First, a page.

A team from the University of Massachusetts and Cornell University is nearing completion of a test that can quickly detect Salmonella species or other produce pathogens, is relatively inexpensive and can be used on the farm. Now in its second year, the research is being led by Sam R. Nugen, an associate professor of food science at Cornell University in Ithaca, N.Y.
Laboratories currently use plate culturing methods to detect pathogens, but the process is lengthy and may not deliver results in a useful time period. The researchers' goal is to develop a simple, inexpensive test that could provide results in a matter of a few hours and be used as a tool by growers to make timely risk assessments. "This will give growers a better idea that something might be a problem so they can take action on it," Nugen said. Collecting water for pathogen testing is fairly straight forward, but the challenge has been sampling the produce itself.
In order to conduct an assay, the bacteria must first be separated from the plant material. "How can we pretreat samples if we have something like produce, which might have internalized pathogens or biofilms?" Nugen said. To do that, the researchers harnessed enzymes that digest the leafy plant material. Nugen said this process results in recovering twice as many Salmonella organisms compared to just washing plant leaves and collecting the rinse water. Users simply place a leaf sample in a small plastic bag that contains enzymes and incubate it for about 1.5 hours. Users would then squeeze a small liquid sample through a filter and place it in a tube with bacteriophages - viruses that are harmless to humans but infect specific bacterium, such as Salmonella or E. coli. Some phages are so specific they will only infect one bacterium serotype while others will infect a broader range of serotypes within an individual species. Phages also will only infect and replicate in viable bacteria, ensuring that non-viable organisms are not detected. This distinction is useful if prior mitigation steps, such as chlorination, have already been used. The phages used in the test were engineered to insert a particular gene into the bacteria. Nugen credited Dr. David Sela, an assistant professor of microbiology at the University of Massachusetts, Amherst, for his expertise with the genetic engineering of the phages.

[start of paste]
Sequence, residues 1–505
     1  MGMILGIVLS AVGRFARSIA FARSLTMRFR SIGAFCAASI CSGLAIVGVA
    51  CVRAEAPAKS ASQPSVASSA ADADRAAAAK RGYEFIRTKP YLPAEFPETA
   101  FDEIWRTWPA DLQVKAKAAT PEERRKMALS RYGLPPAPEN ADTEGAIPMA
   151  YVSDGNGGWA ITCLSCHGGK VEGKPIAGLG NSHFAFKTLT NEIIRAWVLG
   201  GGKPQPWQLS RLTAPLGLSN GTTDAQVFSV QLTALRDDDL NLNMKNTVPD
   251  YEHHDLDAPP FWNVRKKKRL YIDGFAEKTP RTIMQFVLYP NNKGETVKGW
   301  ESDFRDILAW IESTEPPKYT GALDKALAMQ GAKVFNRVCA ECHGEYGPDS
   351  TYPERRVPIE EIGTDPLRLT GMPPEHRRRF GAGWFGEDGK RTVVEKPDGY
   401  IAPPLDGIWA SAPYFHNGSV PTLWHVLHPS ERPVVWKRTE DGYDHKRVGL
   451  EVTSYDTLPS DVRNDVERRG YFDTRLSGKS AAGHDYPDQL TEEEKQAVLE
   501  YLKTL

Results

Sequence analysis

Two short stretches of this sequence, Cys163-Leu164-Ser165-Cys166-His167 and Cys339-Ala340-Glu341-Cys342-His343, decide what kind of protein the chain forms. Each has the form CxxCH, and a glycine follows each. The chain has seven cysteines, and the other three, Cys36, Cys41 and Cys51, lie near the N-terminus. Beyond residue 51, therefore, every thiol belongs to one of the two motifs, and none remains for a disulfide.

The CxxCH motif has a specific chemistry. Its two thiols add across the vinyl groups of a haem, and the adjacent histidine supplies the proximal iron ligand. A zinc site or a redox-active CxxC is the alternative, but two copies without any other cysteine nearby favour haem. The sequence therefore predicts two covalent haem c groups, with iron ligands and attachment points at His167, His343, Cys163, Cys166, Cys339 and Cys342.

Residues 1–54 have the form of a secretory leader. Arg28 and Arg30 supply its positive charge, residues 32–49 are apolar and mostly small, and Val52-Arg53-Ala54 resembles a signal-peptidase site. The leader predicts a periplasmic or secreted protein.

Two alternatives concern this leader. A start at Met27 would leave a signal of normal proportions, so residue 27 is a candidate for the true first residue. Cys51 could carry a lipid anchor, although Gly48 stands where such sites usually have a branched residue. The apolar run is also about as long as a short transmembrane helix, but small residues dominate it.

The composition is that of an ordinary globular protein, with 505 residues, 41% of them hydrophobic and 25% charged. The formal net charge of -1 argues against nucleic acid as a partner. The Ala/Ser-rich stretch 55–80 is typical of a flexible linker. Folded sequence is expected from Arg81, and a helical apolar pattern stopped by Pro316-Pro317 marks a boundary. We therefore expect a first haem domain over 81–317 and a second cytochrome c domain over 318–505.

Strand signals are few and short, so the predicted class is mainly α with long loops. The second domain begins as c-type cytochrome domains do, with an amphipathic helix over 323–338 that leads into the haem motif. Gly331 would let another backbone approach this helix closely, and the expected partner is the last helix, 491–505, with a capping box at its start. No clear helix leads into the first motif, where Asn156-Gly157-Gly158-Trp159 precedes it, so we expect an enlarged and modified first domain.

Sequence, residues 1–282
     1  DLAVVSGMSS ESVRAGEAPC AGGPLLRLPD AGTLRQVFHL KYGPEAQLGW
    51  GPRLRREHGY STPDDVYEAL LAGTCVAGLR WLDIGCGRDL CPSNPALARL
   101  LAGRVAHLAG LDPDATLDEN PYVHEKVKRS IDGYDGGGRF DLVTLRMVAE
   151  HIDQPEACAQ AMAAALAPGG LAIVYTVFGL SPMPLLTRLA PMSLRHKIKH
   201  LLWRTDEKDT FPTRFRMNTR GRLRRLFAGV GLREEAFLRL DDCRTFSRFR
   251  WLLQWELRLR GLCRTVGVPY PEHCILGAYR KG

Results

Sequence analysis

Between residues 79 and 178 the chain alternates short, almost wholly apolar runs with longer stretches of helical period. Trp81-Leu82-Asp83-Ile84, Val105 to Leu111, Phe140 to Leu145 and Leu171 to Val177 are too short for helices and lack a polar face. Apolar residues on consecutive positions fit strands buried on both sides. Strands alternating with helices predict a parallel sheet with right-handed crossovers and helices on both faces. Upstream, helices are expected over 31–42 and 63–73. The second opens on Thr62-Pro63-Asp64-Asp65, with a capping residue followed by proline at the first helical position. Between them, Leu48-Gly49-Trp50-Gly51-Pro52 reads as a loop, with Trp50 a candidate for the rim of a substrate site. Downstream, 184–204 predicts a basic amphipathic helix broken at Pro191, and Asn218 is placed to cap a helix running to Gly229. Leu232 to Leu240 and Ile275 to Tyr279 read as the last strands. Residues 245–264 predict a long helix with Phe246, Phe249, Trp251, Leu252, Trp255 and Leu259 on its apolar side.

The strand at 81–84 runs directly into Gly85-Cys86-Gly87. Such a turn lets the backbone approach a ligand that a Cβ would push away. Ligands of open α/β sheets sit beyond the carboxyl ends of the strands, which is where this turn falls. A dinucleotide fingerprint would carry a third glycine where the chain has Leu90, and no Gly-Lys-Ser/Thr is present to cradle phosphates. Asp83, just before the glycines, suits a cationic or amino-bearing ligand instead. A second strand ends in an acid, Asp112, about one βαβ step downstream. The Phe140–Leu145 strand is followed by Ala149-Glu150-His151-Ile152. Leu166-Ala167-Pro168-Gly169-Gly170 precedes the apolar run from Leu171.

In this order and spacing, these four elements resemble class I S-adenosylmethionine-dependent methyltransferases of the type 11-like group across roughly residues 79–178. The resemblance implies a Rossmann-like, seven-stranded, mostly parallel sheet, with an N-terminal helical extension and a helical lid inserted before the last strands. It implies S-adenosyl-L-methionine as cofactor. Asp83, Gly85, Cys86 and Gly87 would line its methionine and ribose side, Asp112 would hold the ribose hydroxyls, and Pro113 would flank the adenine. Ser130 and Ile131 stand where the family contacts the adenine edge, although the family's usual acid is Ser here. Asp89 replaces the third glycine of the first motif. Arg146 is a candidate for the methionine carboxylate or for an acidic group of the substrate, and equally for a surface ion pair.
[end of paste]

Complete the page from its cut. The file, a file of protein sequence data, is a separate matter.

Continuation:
Ideally, Nugen said, the test would use a cocktail of about 10 to 15 phages, with some having a very specific host range and some very broad. The engineered phages seek out and bind to target organisms while at the same time initiating infection and replication. When the process is completed, the bacteria cell wall lyses or breaks down, releasing the replicated engineered phages - a process known as amplification. The phages are engineered with a reporter enzyme, which can be detected in the last step of the process.
This final step involves putting a few drops of reagent in the tube, waiting a few minutes and inserting a dip stick similar to those used in over-the-counter pregnancy tests. Known as a lateral flow assay, the dipstick can quantify the reporter enzyme expressed by bacteria during the infection with the engineered phages. By using multiple phages/enzymes, several bacteria can be targeted simultaneously. If the reactive portion of the dipstick remains white, it means that a very low number or no target organisms were detected.
Nugen was quick to point out that just because a user receives a negative result doesn't mean pathogens aren't present. The test reflects one sample collected from one location at a single point in time. Instead, he said the tests should be viewed as another tool to help growers make more informed decisions. "They might be deciding about using irrigation water from a river and are worried about a gross contamination that might have occurred upstream," he said. "Or they're routinely using produce rinse water, and they might want to check to see if there are different time periods when Salmonella is showing up."
The researchers have put their rapid assay to real-world tests on samples of rinse water collected from four Massachusetts commercial produce operations by Dr. Amanda Kinchla, a University of Massachusetts Extension food safety specialist and project collaborator. "We wanted to know the highs and lows in salinity and pH to make sure our phages would bind and work," Nugen said.Twitter | Facebook